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3D Filmmaking: The Next Big Trend
Karl Schodt has been working in the film industry for more than two decades as a director of photography on hundreds of feature films, commercials, documentaries, and corporate projects. His work has taken him to film in more than 50 countries worldwide.
He is one of the pioneers of 3D technology in New Zealand, having filmed 3D in the US, New Zealand, Singapore, China, and Thailand, on many projects. His projects include one of the first 3D television programs for the Discovery/Sony channel 3Net, a 3D Museum attraction at the Auckland Museum, Kung Fu, Thai Kick Boxing, the first 3D music video ever filmed in New Zealand, and sports 3D.
I proposed a question to our New Zealand Director of Photography Karl Schodt asking if 3D filmmaking is something we should be getting involved with, or is it just a fad? This is what he had to say:
The jury is still out on the answers to those questions at the moment. My view is yes, and no. I think that 3D filmmaking is coming, and yes, it is something I want to be involved in, and no, I don’t think it’s a fad. Why?
Products evolve, and so do we. It’s partly the work of the manufacturers, who are constantly upgrading their offerings. It keeps them in business, and it keeps us on our toes. It’s not a bad thing, because the changes force us to evolve our skills—and suddenly the new thing becomes the norm. I hear all the detractors who say that they don’t like the glasses, yet we go into the cinema and watch 3D movies with glasses on without a problem. Others say that they will wait until glasses-free televisions comes out. Well, that technology is not far away.
All new technology comes out with a bang and a roar, then calms down and goes silent before finding its way into our life. Look at your phones. Most of you will have a smart phone, yet when the 3G technology first came out more than 14 years ago, the handsets weren’t evolved enough to use the technology. Out came the iPhone, and now it’s a firm part of our digital lives. 3D will be the same.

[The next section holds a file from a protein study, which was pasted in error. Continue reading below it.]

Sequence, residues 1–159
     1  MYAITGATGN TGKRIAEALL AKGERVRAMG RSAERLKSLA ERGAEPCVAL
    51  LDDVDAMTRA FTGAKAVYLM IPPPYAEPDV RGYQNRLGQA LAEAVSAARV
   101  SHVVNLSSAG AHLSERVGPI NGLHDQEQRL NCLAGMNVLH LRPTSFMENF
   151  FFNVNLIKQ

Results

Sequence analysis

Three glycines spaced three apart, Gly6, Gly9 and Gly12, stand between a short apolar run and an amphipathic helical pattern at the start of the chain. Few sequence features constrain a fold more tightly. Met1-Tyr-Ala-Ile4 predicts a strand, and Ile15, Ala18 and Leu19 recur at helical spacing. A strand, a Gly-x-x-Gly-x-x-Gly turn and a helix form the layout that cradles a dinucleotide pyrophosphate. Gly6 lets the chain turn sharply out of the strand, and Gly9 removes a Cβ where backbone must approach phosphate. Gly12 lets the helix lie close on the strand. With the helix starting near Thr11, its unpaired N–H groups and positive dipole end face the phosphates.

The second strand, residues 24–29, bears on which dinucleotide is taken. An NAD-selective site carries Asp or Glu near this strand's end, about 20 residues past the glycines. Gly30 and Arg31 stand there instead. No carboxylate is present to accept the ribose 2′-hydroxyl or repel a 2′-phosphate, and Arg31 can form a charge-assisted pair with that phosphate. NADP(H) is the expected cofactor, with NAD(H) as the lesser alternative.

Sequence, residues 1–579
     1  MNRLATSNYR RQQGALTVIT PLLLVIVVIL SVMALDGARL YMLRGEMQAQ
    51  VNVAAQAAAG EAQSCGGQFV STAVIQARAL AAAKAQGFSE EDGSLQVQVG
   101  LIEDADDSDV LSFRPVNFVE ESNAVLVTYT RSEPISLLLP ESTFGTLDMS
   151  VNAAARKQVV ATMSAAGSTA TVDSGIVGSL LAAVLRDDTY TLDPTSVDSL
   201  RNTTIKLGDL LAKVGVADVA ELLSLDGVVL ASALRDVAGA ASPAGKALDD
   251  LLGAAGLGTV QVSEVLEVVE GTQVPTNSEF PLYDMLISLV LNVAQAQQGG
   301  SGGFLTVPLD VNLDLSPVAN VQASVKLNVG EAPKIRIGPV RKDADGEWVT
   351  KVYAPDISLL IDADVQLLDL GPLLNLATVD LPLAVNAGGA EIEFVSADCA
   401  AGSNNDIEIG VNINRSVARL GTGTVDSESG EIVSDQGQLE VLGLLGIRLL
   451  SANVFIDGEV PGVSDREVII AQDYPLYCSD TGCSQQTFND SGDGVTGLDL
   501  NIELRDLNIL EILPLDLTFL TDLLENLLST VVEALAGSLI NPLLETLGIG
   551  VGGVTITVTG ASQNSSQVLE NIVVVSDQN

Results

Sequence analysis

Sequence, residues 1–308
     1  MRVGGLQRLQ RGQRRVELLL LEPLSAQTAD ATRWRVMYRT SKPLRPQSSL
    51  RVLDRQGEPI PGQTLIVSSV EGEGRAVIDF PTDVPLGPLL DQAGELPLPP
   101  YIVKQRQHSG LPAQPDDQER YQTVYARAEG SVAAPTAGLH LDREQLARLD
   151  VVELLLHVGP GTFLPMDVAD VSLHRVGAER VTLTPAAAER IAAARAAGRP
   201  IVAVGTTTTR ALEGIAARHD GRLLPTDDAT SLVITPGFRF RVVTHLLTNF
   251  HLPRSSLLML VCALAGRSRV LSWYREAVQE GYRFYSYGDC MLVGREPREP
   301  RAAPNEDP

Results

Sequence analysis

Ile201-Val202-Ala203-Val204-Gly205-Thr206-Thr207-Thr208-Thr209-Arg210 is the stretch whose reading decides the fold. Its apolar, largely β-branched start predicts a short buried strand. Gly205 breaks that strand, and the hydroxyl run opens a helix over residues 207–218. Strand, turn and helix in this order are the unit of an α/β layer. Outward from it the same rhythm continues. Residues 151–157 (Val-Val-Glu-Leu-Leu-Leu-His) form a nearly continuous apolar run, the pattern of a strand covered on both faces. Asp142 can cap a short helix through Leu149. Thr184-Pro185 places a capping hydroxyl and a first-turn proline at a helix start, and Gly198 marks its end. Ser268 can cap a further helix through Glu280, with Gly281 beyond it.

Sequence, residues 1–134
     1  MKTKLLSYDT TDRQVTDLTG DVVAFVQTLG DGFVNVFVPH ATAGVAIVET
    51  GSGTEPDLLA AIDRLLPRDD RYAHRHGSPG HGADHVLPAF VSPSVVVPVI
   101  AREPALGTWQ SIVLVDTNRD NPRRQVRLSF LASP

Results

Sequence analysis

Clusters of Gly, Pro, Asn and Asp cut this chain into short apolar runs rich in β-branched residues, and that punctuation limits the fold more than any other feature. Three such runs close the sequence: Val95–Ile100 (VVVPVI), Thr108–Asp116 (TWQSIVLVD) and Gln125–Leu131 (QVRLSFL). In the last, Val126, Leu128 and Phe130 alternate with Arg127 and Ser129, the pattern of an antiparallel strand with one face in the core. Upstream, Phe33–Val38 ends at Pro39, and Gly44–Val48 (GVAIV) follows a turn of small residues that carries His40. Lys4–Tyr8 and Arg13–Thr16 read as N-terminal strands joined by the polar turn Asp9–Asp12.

The biggest problem for all the television stations showing 3D worldwide now is the lack of content, so those who do decide to up-skill should find themselves at the forefront of work.
For those who say they’re not interested in 3D filmmaking, answer this question:
How many camera operators are out there in the world?
Millions, and they are all chasing the same ever-shrinking pot. A consumer camera can now give as good an image as a professional camera gave only a few short years ago. More and more people are working for tiny budgets and producing great content, so how can you justify your prices? How can you make yourself “future-proof”?
I choose to stay up to speed on future technologies, and 3D is one of those. But 3D is not something you can just go out and shoot. You need to understand the technology and how 3D works. But it’s not rocket science. Quite simply, 3D filmmaking has evolved. It’s smaller, faster, and easier than it was.
- We’re no longer going out with huge crews and large rigs and massive budgets. When I was first filming in 3D, the equipment was bulky and hugely expensive. Now that equipment is affordable.
- The beam-splitter rigs are better than they ever were. Six years ago, beam-splitters were custom-built and not commercially available. Then four years ago, $40,000 in US dollars (USD) would get you one of the first commercially available 3D beam-splitters, and now in 2012, it’s around $6,000 USD for great models.
- Stereo processors have gone from being desktop fixtures to small and portable, starting at around $700 USD. Cameras are cheaper. If you already have a camera that can genlock, then you’re halfway there. So price barrier is no longer a consideration.
- The post process is easier since 3D capability is already included in major edit systems. Anything you can do in 2D, you can do in 3D, so you’re not limiting your project. You just need to know what you’re doing. Yes, it’s more expensive, but not by a great margin. And, an operator-stereographer can charge more, because you have a skill that not many others currently have.
Ask yourself: What do you want to be doing in 2018?
3D is an evolving market. In 2008 the 3D display market was under 1 million units with revenue of $902 million USD. By 2011 it had increased to 51 million units with a revenue of over $13 billion USD and is forecast to grow to 196 million units and $22 billion dollars USD in revenues by 2018.
I don’t intend to change your mind about 3D filmmaking. If you want to try something new—you will.